Wednesday, April 4, 2018

Bolton to be point man in administration's religious freedom efforts - Rick Moran

by Rick Moran

Bolton appears to be singularly qualified to take administration efforts to secure religious freedom to the next level

The Trump administration has done something no other administration - Republican or Democratic - has done; they have made religious freedom a priority in our national security strategy.

And the need has never been greater.

Now it appears that newly appointed national security adviser John Bolton will be taking the lead in fighting for the right of peoples around the world to worship how they wish without the threat of being killed or driven from their homes.

The Hill:
Last year two dozen senior human rights and foreign policy experts and religious leaders signed letters urging the White House to appoint such a coordinator. The group identified a qualified candidate who is an expert in this area, has worked closely with the government in crafting its new policy, and could perform the coordination function with distinction.
In fact, two decades ago, Congress acted in a bipartisan manner to create a position at the NSC in the same International Religious Freedom Act that established both the Ambassador-at-Large for International Religious Freedom at the State Department and the creation of the United States Commission on International Religious Freedom (USCIRF), on which Bolton has served.
The commission and ambassadorship created by this legislation have been a credit to America’s foreign policy and its moral clarity. Indeed, the recent confirmation of Sam Brownback as Ambassador-at-Large for International Religious Freedom was a welcome and enormously important step for those persecuted for their faith, including the Christian and Yazidi victims of ISIS.
Still, the NSC position remains both crucial and unfilled — as it has for two decades.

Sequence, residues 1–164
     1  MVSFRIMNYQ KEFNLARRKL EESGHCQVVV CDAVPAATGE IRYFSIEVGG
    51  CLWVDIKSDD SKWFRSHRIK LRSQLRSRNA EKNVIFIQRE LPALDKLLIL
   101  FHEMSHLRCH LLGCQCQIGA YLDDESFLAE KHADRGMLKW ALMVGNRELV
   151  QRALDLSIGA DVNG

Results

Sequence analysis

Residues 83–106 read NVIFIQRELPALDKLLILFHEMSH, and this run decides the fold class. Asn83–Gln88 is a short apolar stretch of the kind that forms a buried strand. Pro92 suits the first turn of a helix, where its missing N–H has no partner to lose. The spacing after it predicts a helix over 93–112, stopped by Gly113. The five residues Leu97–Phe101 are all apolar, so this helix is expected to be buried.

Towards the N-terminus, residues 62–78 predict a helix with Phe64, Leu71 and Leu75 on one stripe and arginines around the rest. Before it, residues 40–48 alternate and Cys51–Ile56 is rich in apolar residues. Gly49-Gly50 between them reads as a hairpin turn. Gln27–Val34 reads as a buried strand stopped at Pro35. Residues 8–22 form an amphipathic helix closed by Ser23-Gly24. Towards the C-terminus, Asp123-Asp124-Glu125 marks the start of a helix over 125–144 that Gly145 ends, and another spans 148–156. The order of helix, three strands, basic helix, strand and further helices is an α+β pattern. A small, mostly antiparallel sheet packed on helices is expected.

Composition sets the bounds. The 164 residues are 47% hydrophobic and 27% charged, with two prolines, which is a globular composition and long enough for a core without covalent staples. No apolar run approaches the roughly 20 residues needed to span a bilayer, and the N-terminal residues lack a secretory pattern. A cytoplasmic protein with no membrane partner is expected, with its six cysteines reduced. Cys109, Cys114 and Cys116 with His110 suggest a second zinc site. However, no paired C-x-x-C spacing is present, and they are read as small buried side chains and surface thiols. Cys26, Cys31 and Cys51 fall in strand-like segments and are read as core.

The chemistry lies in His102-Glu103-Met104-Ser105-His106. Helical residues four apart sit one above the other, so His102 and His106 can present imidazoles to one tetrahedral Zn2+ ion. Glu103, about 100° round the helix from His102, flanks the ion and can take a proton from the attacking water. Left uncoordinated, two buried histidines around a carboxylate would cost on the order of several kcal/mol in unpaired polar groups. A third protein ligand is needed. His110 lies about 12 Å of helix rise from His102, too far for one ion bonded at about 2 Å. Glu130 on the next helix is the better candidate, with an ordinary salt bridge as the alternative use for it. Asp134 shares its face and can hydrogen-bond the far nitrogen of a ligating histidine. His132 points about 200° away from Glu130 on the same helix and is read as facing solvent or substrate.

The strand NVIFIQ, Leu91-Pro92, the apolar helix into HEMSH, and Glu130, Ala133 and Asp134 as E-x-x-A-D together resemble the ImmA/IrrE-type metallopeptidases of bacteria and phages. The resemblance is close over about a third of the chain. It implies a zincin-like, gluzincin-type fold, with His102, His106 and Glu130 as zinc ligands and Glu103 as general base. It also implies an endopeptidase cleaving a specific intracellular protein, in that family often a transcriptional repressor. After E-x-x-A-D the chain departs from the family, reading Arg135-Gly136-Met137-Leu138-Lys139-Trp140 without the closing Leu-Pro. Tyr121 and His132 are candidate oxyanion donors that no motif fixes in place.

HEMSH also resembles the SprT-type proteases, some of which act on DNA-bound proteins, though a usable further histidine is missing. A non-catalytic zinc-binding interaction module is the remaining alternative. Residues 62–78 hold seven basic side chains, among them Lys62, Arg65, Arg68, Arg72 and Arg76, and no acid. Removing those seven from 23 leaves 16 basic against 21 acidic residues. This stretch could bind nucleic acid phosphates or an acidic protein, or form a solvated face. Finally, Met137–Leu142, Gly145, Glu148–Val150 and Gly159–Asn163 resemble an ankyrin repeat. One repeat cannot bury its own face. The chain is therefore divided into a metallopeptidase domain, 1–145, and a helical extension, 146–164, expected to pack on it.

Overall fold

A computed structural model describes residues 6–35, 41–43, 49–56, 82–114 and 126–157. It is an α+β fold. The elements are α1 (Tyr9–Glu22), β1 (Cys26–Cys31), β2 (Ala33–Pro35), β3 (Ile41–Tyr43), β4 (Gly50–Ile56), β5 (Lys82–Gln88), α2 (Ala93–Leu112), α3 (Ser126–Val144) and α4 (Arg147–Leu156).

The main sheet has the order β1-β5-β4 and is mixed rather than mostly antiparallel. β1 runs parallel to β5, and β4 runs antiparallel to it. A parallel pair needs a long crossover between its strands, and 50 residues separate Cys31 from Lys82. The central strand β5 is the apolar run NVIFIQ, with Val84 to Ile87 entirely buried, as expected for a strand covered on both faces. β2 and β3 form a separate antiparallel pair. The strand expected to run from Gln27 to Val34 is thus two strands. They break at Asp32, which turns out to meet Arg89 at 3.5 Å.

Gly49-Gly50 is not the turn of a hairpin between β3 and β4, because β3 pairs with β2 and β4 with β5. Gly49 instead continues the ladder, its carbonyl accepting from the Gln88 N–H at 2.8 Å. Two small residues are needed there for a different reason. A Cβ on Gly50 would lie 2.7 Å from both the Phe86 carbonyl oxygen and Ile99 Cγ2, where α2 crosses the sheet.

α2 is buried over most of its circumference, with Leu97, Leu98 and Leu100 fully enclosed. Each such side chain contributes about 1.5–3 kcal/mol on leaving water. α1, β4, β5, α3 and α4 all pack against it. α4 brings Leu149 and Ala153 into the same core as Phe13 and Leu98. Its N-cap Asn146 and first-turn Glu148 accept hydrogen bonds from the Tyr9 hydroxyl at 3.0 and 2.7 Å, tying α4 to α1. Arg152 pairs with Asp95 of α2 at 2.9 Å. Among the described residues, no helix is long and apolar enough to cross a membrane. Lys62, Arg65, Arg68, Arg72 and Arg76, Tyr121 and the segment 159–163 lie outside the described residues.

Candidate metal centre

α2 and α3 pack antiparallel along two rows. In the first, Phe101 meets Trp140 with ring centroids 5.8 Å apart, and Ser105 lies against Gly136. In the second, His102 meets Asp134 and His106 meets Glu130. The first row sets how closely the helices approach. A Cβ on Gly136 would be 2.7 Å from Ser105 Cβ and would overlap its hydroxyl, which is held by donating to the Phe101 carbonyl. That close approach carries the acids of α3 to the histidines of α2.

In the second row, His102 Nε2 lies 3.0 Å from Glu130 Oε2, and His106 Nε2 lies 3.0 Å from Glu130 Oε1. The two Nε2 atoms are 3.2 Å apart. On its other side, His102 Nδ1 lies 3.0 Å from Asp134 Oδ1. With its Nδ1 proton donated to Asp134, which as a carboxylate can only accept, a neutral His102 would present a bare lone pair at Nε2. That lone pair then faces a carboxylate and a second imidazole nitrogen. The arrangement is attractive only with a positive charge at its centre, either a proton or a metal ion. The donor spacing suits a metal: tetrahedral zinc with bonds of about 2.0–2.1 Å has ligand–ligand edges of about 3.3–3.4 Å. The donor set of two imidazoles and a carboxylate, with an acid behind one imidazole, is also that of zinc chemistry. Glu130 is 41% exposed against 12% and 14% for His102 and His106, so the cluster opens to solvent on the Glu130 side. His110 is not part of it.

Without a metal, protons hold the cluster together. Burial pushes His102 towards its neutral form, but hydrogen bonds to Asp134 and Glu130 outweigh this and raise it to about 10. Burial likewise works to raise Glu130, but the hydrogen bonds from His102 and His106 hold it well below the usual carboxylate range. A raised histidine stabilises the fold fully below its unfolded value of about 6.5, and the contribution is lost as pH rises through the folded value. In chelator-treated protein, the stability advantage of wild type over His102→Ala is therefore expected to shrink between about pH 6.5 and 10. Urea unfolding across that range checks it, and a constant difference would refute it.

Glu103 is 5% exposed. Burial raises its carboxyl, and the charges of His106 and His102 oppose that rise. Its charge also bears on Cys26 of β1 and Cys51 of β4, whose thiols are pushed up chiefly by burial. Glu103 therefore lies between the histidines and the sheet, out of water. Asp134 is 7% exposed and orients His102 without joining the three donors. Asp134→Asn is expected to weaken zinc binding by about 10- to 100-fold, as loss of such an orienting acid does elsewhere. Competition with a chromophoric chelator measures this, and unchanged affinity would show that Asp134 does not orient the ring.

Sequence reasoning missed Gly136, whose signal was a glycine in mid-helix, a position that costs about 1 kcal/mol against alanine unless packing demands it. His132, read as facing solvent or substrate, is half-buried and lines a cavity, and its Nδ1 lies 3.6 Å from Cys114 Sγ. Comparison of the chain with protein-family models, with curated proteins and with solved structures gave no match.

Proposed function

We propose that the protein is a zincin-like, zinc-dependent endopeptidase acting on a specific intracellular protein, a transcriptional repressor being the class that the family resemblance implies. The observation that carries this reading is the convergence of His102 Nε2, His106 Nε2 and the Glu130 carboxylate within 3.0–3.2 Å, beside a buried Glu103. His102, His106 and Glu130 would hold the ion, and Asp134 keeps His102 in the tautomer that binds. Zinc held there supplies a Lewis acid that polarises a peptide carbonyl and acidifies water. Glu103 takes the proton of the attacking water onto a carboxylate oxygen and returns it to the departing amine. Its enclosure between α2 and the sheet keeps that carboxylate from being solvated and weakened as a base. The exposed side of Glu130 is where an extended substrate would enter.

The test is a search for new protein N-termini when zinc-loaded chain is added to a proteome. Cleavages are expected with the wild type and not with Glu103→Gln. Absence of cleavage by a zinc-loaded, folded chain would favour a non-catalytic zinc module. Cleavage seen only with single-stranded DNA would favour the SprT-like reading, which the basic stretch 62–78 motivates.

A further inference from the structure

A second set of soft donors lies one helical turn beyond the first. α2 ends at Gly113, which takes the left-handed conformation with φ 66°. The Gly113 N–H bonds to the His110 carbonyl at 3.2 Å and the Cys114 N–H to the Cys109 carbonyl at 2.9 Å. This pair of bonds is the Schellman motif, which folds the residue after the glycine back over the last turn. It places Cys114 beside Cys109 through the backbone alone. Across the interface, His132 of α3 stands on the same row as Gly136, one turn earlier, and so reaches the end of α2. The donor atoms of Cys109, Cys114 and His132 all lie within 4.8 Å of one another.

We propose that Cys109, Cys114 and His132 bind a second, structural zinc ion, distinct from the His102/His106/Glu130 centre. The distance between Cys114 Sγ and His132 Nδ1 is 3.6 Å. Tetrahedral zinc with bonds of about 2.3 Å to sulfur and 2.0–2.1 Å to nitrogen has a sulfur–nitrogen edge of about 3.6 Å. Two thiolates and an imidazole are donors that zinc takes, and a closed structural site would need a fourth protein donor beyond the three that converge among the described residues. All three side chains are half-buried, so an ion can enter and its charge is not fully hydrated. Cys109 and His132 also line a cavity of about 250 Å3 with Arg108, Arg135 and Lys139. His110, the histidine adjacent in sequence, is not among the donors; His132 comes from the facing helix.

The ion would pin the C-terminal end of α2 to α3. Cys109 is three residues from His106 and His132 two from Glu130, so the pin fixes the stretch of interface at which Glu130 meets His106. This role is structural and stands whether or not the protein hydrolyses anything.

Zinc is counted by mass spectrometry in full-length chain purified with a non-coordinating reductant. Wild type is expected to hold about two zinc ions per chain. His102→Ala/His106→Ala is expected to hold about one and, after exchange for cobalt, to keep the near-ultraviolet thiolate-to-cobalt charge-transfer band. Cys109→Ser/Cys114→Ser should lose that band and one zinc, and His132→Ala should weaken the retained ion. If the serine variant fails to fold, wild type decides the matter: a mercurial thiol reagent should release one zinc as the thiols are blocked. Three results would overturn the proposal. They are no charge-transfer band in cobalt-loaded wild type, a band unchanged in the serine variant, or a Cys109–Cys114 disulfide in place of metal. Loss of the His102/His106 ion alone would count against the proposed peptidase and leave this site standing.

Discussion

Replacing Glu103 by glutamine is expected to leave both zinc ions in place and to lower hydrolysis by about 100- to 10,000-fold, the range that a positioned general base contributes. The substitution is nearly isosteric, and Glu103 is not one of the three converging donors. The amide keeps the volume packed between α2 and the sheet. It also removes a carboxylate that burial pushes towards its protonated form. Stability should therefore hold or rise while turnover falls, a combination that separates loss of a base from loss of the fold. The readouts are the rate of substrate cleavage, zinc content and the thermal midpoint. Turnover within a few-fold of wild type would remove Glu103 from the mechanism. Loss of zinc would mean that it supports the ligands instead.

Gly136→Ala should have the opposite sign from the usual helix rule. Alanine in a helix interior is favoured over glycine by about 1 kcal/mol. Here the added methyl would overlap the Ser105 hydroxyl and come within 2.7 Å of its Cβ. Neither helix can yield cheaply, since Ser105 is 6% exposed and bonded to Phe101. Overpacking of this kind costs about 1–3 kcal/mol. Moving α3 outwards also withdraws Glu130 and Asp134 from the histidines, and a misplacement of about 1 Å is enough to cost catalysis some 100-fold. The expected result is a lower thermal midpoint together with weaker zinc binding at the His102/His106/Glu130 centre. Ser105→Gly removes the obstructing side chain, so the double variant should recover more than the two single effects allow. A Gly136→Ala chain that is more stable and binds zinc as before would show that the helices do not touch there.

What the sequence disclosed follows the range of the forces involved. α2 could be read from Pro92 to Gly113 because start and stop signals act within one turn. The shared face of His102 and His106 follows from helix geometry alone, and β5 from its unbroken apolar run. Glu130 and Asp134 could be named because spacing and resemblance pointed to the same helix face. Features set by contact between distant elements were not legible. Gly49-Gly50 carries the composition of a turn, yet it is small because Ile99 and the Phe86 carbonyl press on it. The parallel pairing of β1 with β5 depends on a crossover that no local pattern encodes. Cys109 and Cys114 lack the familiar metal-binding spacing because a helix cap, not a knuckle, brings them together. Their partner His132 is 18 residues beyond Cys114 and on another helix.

As national security advisor, John Bolton should change that, and as a former USCIRF commissioner, he surely recognizes the importance of this action. In a presidency of firsts, the Trump administration could also be the first-ever to fill this position, setting an important precedent.
Those who survived the genocide at the hands of ISIS took heart at the news the U.S. would finally come to their aid in this administration. Those who continue to face religious persecution around the world are encouraged by the message of the national security strategy — that America takes seriously its commitment to religious freedom.
Bolton appears to be singularly qualified to take administration efforts to secure religious freedom to the next level. But as this article mentions, he will be battling skepticism and hostility from career state department officials whose primary goal is not to rock the boat.

It's one thing to formulate policy and announce it. It's quite another to get the state department bureaucracy to implement it. This is an age old battle between the White House and Foggy Bottom. State Department bureaucrats believe they run US foreign policy and that presidents and their advisers are transitory occupants. 

So the question is can Bolton, with his bulldog mentality, force meaningful policy changes that will actually do some good? I wouldn't bet against him. Of course, the bureaucrats will scream bloody murder and run to the press telling the media what a meanie Bolton is. But Bolton is one guy who doesn't care what the media thinks about him, which is why there is a real chance for substantive change.

Rick Moran


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